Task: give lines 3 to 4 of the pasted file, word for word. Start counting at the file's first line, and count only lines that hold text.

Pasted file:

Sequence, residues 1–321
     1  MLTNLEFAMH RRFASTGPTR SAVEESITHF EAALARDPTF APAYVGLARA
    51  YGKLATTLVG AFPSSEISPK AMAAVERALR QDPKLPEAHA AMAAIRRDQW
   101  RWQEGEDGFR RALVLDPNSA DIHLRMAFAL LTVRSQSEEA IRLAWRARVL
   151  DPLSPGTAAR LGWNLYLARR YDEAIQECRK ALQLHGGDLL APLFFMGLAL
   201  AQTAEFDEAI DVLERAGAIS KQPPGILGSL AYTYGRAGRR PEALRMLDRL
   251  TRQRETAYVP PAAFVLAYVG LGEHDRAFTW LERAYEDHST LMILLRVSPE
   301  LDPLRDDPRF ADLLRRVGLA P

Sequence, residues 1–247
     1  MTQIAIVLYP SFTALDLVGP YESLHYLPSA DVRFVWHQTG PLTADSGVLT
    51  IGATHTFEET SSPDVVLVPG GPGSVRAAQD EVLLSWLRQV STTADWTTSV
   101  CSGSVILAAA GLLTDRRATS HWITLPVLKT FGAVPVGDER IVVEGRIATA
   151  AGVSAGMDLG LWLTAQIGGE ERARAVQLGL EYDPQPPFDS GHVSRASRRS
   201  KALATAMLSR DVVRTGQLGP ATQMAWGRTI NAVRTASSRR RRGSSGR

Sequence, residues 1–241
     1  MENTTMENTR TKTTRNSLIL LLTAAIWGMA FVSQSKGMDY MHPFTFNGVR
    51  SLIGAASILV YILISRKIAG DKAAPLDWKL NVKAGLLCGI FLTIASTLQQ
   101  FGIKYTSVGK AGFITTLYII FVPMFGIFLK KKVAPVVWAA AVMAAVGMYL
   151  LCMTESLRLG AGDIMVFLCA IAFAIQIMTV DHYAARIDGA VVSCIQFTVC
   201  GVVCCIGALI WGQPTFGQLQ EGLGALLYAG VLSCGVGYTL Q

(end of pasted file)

    51  YGKLATTLVG AFPSSEISPK AMAAVERALR QDPKLPEAHA AMAAIRRDQW
   101  RWQEGEDGFR RALVLDPNSA DIHLRMAFAL LTVRSQSEEA IRLAWRARVL